Along the way Frank acquires a goat-herder and water-fetching boy as his "Hidalgo" team, fascinates a feisty daughter who longs to ride alongside the men as their equal (Zuleikha Robinson), dodges a scheming English lady who wants the win the race to acquire the sacred Al-Hattal horse bloodline (Louise Lombard), swaps swords and bullets with a villainous nephew (Said Taghmaouri) and hobnobs with an all-powerful Sheikh (a superb turn by Omar Sharif) who is sceptical at first of the 'far rider' but grows to admire and even revere the gritty and tenacious American. And of course the film has two major pluses - Mortensen and his craggy features filling the whole screen with an everyman quality that is very smart casting indeed. And the horses themselves - beautiful and majestic creatures - and almost telepathic in their symbiosis with their riders. And on the story goes...through all manner of mental and physical trials...to end up back again in Frontierland USA where wild horses run the plains...like a free-spirit should...

PICTURE - the film's default aspect is 2.40:1 - so there are bars at the top and bottom of the picture - but even when stretched to Smart or Full Aspect mode - the print is rarely anything less than a desert swoon. So many great images - the CGI of the "City Of Paris" ship arriving in Arabia is beautifully rendered - the dawn and dusk over the desert - the up-close shots of Bedouin tents and Arabic clothing - sand-blasted faces and parched lips - all of it - GORGEOUS.

SOUND - audio is equally impressive. When the thundering hooves and the sandstorm comes at you - your viewing room will beg for mercy and be shown none.

The two extras "Sand & Celluloid" and "America's First Horse" are very informative and enjoyable. The first is a behind-the-scenes 'making of' featuring short interviews with Mortensen, the Writer, the Director, Executive Producers, Animal Trainers and Production Design people. Particularly impressive is the entire mud-walled town constructed on site for a fight sequence - and the edible locusts - each of which took 4 hours to create (utterly convincing). 800 horses were brought in to create the charge and race sequences - and wind and dust battered everyone and everything daily. The second feature goes into the Mustang Breed itself and how they were brought to America in 1519 by Cortez and then adopted by the natives as their own 'sacred' partners. Very good indeed...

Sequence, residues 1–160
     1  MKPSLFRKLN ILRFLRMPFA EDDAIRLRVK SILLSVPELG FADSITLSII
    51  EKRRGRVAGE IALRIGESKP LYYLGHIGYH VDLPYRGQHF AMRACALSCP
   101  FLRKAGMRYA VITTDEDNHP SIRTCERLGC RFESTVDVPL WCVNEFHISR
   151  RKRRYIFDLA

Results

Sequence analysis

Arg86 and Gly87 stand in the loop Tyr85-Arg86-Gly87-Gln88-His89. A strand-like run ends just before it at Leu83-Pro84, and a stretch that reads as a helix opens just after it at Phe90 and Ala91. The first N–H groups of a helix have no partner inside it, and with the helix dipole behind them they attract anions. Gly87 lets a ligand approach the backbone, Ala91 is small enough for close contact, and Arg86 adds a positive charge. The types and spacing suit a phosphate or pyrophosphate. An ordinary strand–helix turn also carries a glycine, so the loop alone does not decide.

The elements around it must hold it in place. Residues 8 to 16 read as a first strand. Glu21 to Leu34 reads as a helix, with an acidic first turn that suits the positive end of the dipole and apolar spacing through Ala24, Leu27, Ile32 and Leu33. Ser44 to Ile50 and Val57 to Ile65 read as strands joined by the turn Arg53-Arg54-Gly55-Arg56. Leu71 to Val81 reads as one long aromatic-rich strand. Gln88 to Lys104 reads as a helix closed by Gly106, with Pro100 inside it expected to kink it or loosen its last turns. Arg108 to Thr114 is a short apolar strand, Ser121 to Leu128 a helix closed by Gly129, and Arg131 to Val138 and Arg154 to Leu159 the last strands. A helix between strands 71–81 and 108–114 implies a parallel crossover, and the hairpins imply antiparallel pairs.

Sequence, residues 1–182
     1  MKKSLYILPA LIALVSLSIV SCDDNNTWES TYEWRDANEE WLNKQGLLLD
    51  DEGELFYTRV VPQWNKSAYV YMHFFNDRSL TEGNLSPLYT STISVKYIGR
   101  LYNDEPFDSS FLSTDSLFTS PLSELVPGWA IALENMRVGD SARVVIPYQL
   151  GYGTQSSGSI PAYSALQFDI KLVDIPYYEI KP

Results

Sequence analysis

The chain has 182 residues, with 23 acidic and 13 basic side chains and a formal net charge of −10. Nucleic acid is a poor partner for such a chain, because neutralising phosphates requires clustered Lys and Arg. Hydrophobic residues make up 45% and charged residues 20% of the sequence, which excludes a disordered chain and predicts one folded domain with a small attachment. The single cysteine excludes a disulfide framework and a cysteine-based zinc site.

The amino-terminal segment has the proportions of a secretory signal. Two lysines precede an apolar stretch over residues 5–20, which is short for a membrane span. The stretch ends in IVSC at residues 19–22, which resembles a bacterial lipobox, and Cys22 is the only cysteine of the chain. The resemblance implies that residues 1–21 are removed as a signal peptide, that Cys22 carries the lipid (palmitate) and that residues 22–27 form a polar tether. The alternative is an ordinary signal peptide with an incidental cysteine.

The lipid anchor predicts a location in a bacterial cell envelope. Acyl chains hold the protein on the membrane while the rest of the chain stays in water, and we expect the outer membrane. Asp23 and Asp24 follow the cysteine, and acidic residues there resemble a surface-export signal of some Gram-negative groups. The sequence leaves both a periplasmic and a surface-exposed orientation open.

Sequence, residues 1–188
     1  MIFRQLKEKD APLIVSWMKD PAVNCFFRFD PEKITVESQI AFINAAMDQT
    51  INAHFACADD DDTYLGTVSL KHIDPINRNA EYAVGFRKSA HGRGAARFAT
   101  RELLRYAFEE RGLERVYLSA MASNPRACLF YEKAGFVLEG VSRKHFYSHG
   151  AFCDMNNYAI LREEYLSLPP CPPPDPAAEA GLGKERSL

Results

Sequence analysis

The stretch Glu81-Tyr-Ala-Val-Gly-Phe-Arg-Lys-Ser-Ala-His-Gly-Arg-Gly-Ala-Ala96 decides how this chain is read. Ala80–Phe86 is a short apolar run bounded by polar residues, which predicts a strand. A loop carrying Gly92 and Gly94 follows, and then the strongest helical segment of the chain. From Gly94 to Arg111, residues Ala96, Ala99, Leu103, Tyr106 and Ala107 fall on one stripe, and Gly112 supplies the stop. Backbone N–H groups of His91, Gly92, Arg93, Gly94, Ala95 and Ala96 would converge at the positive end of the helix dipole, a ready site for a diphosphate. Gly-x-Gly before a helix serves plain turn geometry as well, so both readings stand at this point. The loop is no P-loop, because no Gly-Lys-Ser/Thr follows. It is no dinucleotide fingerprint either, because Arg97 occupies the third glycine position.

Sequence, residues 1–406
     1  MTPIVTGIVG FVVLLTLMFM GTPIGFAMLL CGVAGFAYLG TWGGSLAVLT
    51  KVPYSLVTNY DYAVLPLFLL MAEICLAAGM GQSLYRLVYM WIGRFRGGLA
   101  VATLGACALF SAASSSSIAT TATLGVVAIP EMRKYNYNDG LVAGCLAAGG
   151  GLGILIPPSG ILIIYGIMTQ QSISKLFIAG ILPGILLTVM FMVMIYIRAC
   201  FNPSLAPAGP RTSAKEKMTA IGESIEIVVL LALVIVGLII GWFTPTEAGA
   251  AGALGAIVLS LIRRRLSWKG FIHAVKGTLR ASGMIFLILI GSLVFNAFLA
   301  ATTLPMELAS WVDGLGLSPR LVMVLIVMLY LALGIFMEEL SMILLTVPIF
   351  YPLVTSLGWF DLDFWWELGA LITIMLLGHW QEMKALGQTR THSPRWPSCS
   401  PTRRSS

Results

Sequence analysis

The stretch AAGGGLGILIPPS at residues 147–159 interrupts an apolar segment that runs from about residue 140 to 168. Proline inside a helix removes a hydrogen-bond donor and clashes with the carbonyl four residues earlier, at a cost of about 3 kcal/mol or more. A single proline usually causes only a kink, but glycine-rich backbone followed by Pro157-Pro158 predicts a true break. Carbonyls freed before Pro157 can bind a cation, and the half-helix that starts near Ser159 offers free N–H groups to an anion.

To sum up - dialogue between Omar Sharif and Viggo Mortensen title this review...and in some ways mark out the history of this criminally ignored nugget.

"Hidalgo" is an excellent 'story' movie and well worth seeking out - especially now that it's been given a format which brings out all that hard work and finally makes it shine.

I may feel the urge to spit on a camel every now and then, but I'm so glad I bought this film...

BLU RAY Specifications:
VIDEO: 1080p High-Definition / 2.40:1
AUDIO: Dolby Digital 5.1 English, French and Spanish
ENHANCED AUDIO: DTS 5.1 French and Spanish, PCM 5.1 English
SUBTITLES: English, English For Hearing Impaired, French, Spanish, Swedish, Norwegian, Danish and Finnish

"Sand & Celluloid" - A Making of Featurette, Behind The Scenes etc (10 minutes)
"America's First Horse - Hidalgo And The Spanish Mustang" - The Story of Hildago's Ancestors (21 minutes)